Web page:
In a recent decision that involved interlinked agreements containing different dispute resolution clauses, the Hong Kong Court of First Instance refused to stay court proceedings in favour of arbitration, on the basis that the centre of gravity of the dispute did not fall within the contracts that contained the arbitration agreement.
The Plaintiff (ZPMC) was a joint venture company. The first defendant (D1) was the former CEO and a director of ZMPC. The second defendant (D2) provided consulting services to ZPMC. The third defendant (D3) was a shareholder of ZPMC. At all material times, D2 and D3 were controlled by D1.
There existed between the parties:
- a Chief Executive Officer Employment Agreement between ZPMC and D1 (CEO Contract), containing an exclusive jurisdiction clause in favour of the Hong Kong courts;
- a Service Agreement between ZPMC and D2 (FSA), containing an arbitration clause in favour of HKIAC arbitration; and
- a Shareholders Agreement amongst D3, another shareholder of ZPMC and ZPMC (SHA), which also contained an arbitration clause referring disputes to HKIAC arbitration.
Disputes arose between the parties. ZPMC commenced court proceedings in Hong Kong, alleging breach of fiduciary duties, contractual duties and breach of trust by D1. ZPMC also claimed against D2 and D3 as constructive trustees for knowing receipt of payments from ZPMC allegedly caused by D1 without authority.
Relying on the arbitration agreements in the FSA and SHA, the Defendants applied for a stay of further court proceedings pending arbitration under section 20 of the Arbitration Ordinance (Cap. 609).
The central question before the Hong Kong court was whether ZPMC’s claims fell within the ambit of the arbitration agreements in the SHA and FSA.
The court referred to the approach to the construction of an arbitration agreement as set out by Mimmie Chan J in Houtai Investment Holdings Ltd v Leung Yat Tung & Others  HKCFI 1504. In essence, when constructing an arbitration agreement:
- the court starts from the “one-stop” presumption in Fiona Trust & Holding Corp v Privalov  UKHL 40, namely that the parties intend all disputes arising out of the relationship to be decided by the same tribunal;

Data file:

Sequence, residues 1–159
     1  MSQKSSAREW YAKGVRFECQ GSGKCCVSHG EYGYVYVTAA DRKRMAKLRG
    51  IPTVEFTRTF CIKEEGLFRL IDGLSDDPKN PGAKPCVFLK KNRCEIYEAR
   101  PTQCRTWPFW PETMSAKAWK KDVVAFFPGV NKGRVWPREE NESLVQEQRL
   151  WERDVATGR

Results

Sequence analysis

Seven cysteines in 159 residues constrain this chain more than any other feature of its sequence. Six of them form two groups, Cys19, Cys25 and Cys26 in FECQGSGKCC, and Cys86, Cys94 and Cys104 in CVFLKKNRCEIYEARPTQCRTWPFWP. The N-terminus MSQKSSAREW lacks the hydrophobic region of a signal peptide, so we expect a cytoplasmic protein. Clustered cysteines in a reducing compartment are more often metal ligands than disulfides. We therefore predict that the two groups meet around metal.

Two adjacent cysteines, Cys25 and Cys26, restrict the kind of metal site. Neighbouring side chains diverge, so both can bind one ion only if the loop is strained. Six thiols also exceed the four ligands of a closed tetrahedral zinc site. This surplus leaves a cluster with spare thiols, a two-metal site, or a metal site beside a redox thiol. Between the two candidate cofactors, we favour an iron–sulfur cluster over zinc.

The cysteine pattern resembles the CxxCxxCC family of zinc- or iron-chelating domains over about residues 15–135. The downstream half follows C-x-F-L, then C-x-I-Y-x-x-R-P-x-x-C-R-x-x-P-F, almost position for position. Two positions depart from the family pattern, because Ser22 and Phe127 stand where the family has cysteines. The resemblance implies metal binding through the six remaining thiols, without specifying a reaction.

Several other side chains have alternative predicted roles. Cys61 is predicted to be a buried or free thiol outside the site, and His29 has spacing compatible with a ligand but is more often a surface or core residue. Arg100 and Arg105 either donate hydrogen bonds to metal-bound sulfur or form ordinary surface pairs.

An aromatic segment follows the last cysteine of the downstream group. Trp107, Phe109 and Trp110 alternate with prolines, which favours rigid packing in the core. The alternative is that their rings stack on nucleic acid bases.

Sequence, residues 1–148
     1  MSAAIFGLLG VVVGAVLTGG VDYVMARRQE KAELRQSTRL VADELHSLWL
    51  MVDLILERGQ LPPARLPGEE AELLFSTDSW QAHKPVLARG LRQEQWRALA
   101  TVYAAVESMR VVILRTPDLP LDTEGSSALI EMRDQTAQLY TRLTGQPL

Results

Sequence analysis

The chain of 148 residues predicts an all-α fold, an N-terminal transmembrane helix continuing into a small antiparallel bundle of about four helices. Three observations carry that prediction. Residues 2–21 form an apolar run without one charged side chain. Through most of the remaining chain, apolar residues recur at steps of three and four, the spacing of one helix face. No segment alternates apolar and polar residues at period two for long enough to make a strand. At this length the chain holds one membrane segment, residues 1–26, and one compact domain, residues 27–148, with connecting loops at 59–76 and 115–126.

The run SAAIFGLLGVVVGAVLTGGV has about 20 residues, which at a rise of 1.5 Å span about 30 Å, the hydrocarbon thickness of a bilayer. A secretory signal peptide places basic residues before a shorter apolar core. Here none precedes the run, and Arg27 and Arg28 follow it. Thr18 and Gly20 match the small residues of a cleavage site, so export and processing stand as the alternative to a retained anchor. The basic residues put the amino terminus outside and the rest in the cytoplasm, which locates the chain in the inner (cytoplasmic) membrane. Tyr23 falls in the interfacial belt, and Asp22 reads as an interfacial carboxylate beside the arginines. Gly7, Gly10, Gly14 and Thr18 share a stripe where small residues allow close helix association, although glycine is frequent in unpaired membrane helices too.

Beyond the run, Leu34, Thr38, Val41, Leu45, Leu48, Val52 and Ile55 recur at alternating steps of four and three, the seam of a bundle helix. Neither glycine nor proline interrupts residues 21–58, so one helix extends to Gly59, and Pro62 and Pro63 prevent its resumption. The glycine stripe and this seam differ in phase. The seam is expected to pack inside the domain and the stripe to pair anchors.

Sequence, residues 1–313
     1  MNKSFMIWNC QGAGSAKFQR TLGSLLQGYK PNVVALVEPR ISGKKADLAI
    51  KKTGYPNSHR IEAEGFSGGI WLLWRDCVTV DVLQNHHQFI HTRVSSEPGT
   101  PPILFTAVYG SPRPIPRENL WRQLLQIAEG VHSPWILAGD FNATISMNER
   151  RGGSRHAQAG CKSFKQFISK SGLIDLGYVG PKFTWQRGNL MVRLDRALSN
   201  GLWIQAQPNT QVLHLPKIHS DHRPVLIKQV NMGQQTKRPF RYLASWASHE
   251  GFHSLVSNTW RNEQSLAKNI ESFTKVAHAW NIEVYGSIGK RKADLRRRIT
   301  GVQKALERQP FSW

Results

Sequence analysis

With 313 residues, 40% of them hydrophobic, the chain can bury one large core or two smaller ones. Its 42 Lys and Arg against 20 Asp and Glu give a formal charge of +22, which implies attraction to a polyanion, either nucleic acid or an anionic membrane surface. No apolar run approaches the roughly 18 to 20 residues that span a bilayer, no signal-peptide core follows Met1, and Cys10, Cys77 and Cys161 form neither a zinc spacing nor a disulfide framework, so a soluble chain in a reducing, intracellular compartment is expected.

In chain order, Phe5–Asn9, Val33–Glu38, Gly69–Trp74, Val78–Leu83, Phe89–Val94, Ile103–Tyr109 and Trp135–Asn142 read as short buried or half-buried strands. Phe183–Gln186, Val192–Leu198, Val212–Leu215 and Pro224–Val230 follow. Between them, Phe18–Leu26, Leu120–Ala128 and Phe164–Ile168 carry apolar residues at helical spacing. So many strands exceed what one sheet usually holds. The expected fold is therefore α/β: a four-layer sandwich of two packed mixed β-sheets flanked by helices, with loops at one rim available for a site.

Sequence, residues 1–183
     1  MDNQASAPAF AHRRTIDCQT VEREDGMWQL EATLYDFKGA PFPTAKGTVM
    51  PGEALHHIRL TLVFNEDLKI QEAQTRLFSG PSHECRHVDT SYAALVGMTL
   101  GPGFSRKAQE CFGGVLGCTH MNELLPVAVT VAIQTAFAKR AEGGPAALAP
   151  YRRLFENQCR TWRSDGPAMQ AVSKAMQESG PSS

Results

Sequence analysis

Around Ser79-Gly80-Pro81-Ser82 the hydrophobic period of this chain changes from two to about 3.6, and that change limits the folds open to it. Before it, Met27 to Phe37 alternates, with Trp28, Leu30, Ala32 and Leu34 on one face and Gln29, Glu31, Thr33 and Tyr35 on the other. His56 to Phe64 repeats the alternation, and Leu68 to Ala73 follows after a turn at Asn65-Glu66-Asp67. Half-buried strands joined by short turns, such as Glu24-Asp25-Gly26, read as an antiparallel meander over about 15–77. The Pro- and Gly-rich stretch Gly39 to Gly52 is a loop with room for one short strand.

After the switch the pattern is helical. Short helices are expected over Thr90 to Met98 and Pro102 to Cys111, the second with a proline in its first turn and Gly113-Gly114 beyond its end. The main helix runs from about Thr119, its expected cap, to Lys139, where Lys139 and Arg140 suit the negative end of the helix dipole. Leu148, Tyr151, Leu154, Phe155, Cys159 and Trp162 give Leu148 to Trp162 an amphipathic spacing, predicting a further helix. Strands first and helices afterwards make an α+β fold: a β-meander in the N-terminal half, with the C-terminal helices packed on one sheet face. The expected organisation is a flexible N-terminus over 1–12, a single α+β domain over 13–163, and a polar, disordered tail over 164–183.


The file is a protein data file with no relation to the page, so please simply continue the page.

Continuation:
- the Fiona Trust presumption is, however, rebuttable and each arbitration clause must be considered in its own context;
- in particular, where there are multiple related commercial agreements each dealing with different aspects of the parties’ relationship, and each containing its own dispute resolution clause, the Fiona Trust presumption is not applicable. The court should instead identify “the nature of the claim” and “the agreement that has the closest connection with such dispute” (also referred to as the agreement “at the centre of gravity of the dispute“).
With the above principles in mind, the court held that the substance of the dispute was ZPMC’s claims against D1 for breaches of fiduciary duties, contractual duties and trust. These were personal duties which arose from D1’s position as director and former CEO. As such, the agreement “at the centre of gravity” of the dispute was the CEO Contract, under which the parties had submitted to the exclusive jurisdiction of the Hong Kong courts.
As for the claims against D2 and D3, the court noted that there was no allegation that they had committed any breaches of the SHA or the FSA, and that the nature of their liability was one of secondary or accessory liability for knowing receipt, which hinged on D1’s primary liability. It therefore made commercial sense to determine D2 and D3’s accessory liabilities in the same proceedings.
The court accordingly dismissed the stay application. The fact that the action might be one part of a wider struggle for control of ZPMC between its shareholders did not detract from the real focus of the action.
This decision demonstrates Hong Kong courts’ approach to the rather common situation where disputes arise between parties to interlinked contracts which contain different dispute resolution clauses. It serves as a timely reminder that the parties should consider in advance whether adopting the same dispute resolution provisions in related, or linked, contracts is appropriate, as well as the consequences of having different forums for resolving disputes. In this case, the court was able to determine the entire dispute within the ambit of the CEO Contract, but it is always worthwhile thinking through the possible areas of dispute in advance of any transaction, and tailoring the dispute resolution provisions accordingly.
For more information, please contact Kathryn Sanger, Partner, Briana Young, Professional Support Consultant, Charlotte Wong, Associate, or your usual Herbert Smith Freehills contact.